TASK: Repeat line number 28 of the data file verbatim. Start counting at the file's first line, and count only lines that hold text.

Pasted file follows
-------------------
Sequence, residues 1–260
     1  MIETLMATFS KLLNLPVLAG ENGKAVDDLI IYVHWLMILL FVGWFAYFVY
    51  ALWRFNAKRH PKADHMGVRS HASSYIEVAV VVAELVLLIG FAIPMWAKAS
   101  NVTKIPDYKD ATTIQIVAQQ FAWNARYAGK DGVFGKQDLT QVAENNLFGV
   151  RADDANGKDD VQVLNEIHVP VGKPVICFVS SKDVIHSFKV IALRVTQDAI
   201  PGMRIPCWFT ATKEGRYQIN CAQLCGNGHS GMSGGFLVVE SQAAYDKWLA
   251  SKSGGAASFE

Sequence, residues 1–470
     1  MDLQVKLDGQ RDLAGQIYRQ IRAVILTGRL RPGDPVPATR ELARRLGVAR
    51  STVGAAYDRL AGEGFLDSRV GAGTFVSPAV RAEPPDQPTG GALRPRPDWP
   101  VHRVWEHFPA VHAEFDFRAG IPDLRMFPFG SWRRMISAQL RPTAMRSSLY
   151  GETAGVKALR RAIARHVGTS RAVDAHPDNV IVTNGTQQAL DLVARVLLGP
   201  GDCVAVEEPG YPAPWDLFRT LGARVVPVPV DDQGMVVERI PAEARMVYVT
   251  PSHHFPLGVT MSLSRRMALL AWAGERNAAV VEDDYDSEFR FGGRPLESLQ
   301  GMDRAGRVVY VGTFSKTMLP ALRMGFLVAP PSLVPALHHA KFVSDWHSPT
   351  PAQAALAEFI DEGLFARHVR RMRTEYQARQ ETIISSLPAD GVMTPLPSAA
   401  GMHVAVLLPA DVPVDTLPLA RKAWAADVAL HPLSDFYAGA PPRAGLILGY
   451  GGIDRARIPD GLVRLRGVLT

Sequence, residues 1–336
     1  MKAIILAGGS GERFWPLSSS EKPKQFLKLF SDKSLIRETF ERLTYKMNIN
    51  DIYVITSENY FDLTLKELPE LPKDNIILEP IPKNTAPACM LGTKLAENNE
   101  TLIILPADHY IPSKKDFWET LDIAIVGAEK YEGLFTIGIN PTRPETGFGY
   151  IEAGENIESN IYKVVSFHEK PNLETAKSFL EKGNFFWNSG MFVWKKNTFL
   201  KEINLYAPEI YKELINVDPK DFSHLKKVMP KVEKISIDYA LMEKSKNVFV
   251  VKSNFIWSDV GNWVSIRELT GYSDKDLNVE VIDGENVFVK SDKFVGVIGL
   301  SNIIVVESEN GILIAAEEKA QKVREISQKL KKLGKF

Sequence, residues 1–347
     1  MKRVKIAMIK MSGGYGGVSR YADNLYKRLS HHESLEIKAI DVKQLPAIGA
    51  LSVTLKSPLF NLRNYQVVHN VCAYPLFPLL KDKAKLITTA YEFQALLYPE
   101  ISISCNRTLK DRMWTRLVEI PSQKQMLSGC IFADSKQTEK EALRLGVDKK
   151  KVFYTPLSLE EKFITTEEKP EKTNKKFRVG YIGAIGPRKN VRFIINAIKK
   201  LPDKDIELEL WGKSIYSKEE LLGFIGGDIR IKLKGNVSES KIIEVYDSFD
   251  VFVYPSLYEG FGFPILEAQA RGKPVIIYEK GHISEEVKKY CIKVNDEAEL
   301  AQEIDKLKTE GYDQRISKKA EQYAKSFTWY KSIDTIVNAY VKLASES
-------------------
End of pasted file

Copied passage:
     1  MKRVKIAMIK MSGGYGGVSR YADNLYKRLS HHESLEIKAI DVKQLPAIGA